Last updated: February 2023
If you’ve had a browse on our website before, you may have come across certain electric heating terminology that left you drawing blanks. Convection, conduction, and radiation are the three methods of heat transfer, and we sometimes refer to them to describe our products. But what exactly do they mean, and why do they matter? Hold off on digging out those old schoolbooks… we’re going to do this the easy way.
Conduction is how heat transfers through solid materials. Particles in solids are tightly bound together, so when one particle is warmer than the rest, through a direct heat source, it starts vibrating with energy. This causes it to collide with its neighbouring particles, making them warm up too. Eventually, this warmth spreads throughout the entirety of the solid in question, raising its temperature.
- How a hot drink also makes the cup it’s in warm
- Touching a hot seatbelt when you get in a car
Which type of heater makes use of conduction?
It’s pretty rare to find a heater that will primarily rely on this type of heat transfer, as it’s quite impractical, not to mention rather unsafe! As you have to actually be touching a hot object to absorb its warmth through conduction, it makes sense why heating manufacturers don’t exactly jump at the idea. It does explain why the surface of electric heaters tend to be hot to the touch, though, so most heaters do produce some amount of conductive heat - just as a by-product.
Convection uses the air to transfer heat – as cold air passes over a heat source, it warms, creating a convection current. This cycle repeats again and again as long as a heat source remains stable, constantly circulating warm air.
Unlike solids, particles in the air aren’t fixed in place, so they move around freely, gaining energy like tiny indetectable Duracell bunnies. Because the particles are more spread out, hot air tends to be lighter and less dense than its chillier counterpart, which is why it rises – just think of a hot air balloon! This can create an uneven distribution of warmth, leaving the bottom half of a room colder than the top half.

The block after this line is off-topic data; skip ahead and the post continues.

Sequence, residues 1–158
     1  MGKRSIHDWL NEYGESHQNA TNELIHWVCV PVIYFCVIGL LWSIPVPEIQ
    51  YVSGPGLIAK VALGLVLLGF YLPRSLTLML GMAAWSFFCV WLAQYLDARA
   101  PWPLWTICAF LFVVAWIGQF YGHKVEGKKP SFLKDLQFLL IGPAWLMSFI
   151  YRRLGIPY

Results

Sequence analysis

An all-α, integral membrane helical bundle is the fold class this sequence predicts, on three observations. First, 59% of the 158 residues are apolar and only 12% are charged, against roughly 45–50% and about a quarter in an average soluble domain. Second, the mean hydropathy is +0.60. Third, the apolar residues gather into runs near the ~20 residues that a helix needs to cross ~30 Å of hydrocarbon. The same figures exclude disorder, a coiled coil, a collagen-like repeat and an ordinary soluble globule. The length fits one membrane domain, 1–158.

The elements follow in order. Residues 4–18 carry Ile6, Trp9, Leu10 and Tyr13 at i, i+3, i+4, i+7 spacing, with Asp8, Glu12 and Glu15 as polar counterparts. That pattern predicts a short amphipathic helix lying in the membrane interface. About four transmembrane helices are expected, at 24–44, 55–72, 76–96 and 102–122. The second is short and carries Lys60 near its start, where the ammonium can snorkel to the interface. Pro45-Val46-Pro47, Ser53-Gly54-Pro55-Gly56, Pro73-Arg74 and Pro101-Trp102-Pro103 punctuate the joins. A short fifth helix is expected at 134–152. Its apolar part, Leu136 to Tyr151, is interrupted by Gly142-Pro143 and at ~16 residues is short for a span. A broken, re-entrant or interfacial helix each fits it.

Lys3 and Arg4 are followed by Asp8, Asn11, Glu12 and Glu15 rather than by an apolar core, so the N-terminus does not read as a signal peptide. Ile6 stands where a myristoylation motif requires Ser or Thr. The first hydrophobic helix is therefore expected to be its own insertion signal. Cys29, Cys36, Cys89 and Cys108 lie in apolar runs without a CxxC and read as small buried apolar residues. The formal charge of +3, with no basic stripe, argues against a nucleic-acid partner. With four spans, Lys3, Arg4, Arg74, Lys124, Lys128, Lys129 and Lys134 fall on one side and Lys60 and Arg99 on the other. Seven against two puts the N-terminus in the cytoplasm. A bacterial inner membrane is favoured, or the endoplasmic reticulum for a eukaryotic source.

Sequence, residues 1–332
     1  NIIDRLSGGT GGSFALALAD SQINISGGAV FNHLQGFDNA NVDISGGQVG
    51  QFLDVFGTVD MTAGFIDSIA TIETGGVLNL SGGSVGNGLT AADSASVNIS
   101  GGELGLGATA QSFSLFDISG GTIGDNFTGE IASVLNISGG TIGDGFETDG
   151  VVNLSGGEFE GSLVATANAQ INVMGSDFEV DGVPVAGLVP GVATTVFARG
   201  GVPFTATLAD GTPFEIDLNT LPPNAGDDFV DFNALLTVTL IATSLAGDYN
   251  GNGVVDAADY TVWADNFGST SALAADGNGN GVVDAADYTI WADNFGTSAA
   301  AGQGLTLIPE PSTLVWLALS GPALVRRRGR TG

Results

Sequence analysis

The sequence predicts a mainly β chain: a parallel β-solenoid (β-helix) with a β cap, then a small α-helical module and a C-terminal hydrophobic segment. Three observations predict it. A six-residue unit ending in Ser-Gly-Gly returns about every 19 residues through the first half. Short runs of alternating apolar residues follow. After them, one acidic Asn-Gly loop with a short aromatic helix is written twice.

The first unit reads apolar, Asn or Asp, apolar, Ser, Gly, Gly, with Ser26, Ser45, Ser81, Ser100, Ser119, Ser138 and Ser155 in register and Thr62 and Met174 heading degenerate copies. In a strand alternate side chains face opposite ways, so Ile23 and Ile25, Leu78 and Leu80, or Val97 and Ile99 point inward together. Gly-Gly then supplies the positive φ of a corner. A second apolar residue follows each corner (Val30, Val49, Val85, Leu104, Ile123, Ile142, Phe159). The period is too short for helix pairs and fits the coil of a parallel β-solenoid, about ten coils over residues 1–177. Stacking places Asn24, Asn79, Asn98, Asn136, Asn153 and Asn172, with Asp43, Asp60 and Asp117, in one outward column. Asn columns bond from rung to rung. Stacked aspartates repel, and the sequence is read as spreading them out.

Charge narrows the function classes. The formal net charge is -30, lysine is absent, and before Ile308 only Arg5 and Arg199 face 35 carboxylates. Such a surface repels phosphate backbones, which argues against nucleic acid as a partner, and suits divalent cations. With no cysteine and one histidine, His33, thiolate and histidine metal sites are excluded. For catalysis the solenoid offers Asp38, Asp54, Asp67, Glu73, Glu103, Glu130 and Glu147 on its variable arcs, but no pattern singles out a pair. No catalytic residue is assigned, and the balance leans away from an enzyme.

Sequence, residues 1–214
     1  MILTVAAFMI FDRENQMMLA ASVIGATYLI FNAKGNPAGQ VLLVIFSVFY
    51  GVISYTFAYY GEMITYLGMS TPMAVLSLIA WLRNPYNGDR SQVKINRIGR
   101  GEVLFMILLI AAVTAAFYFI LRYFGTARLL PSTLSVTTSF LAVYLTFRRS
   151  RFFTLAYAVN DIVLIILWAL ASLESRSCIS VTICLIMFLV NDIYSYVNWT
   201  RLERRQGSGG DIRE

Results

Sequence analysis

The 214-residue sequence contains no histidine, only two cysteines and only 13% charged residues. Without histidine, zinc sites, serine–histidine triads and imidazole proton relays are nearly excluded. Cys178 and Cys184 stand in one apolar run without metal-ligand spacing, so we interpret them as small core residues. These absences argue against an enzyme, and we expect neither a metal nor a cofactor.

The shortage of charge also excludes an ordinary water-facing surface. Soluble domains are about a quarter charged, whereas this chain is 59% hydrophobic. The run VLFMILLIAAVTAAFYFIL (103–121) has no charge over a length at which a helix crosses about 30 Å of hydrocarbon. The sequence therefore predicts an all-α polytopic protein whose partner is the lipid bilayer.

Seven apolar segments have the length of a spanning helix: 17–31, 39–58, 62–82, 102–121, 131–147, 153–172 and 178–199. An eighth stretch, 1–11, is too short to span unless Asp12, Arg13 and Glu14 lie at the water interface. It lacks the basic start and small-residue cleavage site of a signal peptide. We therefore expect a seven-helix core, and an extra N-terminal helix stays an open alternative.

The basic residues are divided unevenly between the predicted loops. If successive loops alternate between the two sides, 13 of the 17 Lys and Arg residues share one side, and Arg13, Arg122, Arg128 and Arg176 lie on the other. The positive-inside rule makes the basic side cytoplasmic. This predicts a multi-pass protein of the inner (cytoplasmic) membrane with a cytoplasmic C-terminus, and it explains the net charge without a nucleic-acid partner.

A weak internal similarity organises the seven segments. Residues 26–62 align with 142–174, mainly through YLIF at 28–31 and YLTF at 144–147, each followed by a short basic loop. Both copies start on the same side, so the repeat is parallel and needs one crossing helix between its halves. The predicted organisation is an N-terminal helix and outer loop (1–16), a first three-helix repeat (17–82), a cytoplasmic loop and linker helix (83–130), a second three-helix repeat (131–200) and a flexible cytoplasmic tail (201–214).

- Feeling cooler on a windy day despite the actual temperature
- How a hot cup of tea creates steam
Which applications does convection suit best?
As convection works quickly, it particularly suits spaces which need a supplementary heat source that gets to work fast. Conservatories, home offices, garages, and draughty spare rooms are just some of the locations that benefit from convection heaters.
Which types of heaters make use of convection?
Our top convection heater: Ecostrad iQ Plus
The iQ Plus is a smart convection heater that combines the responsive benefits of convection technology with sleek, modern aesthetics to complement a variety of interior design schemes. Able to be both wall-mounted or freestanding, the heater can be situated exactly where warmth is needed most, ideal for draughty spots that struggle to retain heat. Pair the iQ Plus up with your smartphone through a compatible heating app to control its temperature, modes and weekly schedule from afar.
We know radiation can sound daunting, but don’t fret. From your car radio to the microwave in your kitchen, we’re surrounded by safe forms of it all the time - and we really do mean all the time! As humans, we’re constantly emitting and absorbing radiant warmth. Even the light you’re using to read this sentence is a form of it. When it comes to keeping homes warm, infrared radiation is one of the most versatile, safe and effective methods. Let’s run through how it works…